W3C Aspects of Fell Hunting 2 HOUNDS

In the late 1980s Chris Ogilvie then of the Coniston Foxhounds wrote a series of articles for Hounds Magazine entitled “Aspects of Fell Hunting”. Almost 30 years have gone by and thanks to the kindness and generosity of Michael Sager I have the full set with permission to use them. Chris has also given his permission.

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Early in September we gather our hounds back from their summer walks and prepare to make a start. Some fell-packs have a puppy-cum-hound show, when all the walkers bring their hounds to a central venue near the kennels and make a day of it. Our own puppy show is incorporated with Rydal, so hounds go back to their walks for two or three weeks before the season begins. Collecting hounds up after the summer break is something of a ritual, touring the hunt country, swapping news with the farmers and maybe picking up a few useful tips on the local wildlife.

There is no harvest to speak of in the fells, but most of us like to wait until the worst of the madding crowds have begun to disperse. Also some farmers do not really want us until they have gathered their lambs for the autumn sales, especially if the brackens are strong. Even so, we start a little earlier than we used to, as changes in the farming scene mean that we are not as welcome at the latter end of the season as in days gone by, when sporting fixtures continued well into April.

A fell-huntsman breeds and enters only as many puppies as he thinks he will need to maintain numbers. Usually they will have spent a month or so in kennels during the spring to accustom them to the basic disciplines and adult cuisine, before returning to their walks for the rest of the summer. Apart from that, they will have received no formal training or exercise from the huntsman until he takes them out hunting for the first time. They are entered slightly younger than their studbook counterparts, at about fifteen months or even less, and the rate at which the penny drops can vary enormously. Traditionally, it has always been "acceptable" in the fells to take them on couples or leads until they learn the ropes, and although not all huntsmen subscribe to this method, there are times when safety-first has to take precedence over professional pride. However safe a pup may have seemed on his farm, you can never be quite sure what is going to happen in the heat of the moment. Herdwick sheep are born black, and progress through russet brown as Hoggs to finish up a dismal grey with price to match. lf one of these jumps up out of a rush-bed in front of the running pack, one unsteady pup can soon lure others over the brink. So although there comes a time when we have to take the plunge with each individual, we certainly can't fire ten couple of youngsters into a cub-infested dingle and hope for the best. Fortes fortuna adiuvat, but for the reckless retribution is swift.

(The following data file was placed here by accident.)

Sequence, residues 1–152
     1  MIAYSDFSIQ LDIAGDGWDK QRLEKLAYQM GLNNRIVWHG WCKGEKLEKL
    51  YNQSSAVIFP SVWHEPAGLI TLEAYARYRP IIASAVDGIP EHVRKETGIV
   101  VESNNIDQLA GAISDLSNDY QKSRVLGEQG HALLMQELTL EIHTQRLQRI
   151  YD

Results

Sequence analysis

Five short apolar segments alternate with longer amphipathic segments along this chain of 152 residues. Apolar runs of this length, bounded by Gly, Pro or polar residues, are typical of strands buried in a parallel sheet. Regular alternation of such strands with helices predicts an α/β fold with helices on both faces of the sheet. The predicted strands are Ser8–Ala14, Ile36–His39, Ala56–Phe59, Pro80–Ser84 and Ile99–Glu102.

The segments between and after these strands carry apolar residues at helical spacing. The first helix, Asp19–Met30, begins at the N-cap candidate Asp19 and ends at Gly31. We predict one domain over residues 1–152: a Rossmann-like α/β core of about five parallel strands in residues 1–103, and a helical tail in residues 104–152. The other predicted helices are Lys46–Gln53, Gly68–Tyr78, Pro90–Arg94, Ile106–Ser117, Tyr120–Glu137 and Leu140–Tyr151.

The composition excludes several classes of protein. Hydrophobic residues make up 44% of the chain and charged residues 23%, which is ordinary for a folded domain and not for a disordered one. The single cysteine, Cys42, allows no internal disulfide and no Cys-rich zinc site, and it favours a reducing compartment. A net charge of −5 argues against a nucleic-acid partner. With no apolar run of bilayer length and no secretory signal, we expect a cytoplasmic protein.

Fell packs with bigger countries try to hunt at least four days a week, those with less up to seven days a fortnight. I once suggested to Melbreak huntsman Pritch Bland that he could comfortably cover his country in a month. 'A week' was the typically laconic reply. Huntsmen more fortunately placed are still drawing virgin fellside as late as March. Individual tallies vary little from season to season and tend to be a reflection of the country rather than the man, though this is not to decry the remarkable achievements of such veterans as Johnny Richardson over the years. A fell committee would not consider it worthwhile to finance a pack hunting less than three days a week, and many of them would find it a real education to see how some provincial packs manage to carve a full season's hunting among motorways, electric railways, market gardens and suburban overspill.